How long do you think it will take me to be a ______ rated player? You can fill in the number with a 1000, 1500, 2000, or any other number that seems like a worthy goal. I get this question on a fairly regular basis. I usually make an educated guess, and I’m almost always wrong. Coaches can’t see into the future or anticipate how determined their students will be. My standard answer is that improvement will come with getting some coaching, playing matches, and practicing serves. Those three items are essential, but they don’t take into account two important variables. Some players just have more talent. They may have good hand/eye coordination, be very athletic, or be quick learners. The other unknown is their willingness to study.
There is plenty of information available, and most players have seen videos or read articles. The best players I know, and the ones who have shown the most improvement are gifted students. They not only absorb information, they work to apply it to themselves, and never stop learning.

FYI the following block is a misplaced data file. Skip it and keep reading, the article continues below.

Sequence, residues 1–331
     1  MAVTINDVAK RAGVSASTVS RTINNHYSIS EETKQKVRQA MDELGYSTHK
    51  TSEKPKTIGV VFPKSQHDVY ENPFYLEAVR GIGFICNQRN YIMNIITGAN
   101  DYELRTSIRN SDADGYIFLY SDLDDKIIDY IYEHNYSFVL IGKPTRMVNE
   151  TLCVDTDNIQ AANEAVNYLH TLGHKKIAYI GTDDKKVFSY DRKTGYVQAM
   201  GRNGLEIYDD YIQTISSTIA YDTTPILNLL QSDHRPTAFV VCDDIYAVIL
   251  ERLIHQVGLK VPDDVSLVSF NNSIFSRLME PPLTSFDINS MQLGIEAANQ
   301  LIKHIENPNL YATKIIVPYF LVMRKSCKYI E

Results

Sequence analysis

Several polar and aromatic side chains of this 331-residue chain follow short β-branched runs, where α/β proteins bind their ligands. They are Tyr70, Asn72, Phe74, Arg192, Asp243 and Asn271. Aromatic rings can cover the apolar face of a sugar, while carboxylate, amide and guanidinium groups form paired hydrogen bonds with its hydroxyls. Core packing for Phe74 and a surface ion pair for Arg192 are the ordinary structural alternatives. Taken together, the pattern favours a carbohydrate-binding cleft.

Students of the game can have different approaches. I’ve seen quite a few. It’s not really what you major in. It’s about how helpful your studies are in real life, or in this case, table tennis.
- The Philosophy Major – These students have probably changed their major a few times. Perhaps they began as attackers, became blockers, and see themselves as eventually becoming defensive choppers. The philosophy major sees the big picture but often fails to focus on the details enough to reach their full potential.
- The Education Major – Good teachers should also be good students. Their strength is not in their abundance of knowledge, but in knowing what knowledge is most important. They know how to pass tests, and they learn quickly how to win matches.
- The Science Major – Having a deep understanding of the physics of table tennis is not necessarily an advantage. Attention to detail, and focus on positive results can be very advantageous. Much like the philosophy major, scientists are prone to overthinking. They can become technically excellent players with their scientific approach.
- The Physical Education Major – Aptitude in other sports, and a love for physical activity will serve the P.E. major well. There are times when the challenges of table tennis become frustrating when it’s discovered that athletic ability alone does not make for a great table tennis player.
- The Dropout – Unfortunately, some players never really develop a love for studying. They have a remedial understanding but never master advanced skills. They don’t necessarily drop out of table tennis, but will survive with their basic knowledge, knowing that they will probably never graduate.
No matter what your approach is, you’ll need to keep learning, keep practicing, and keep studying. What’s your major?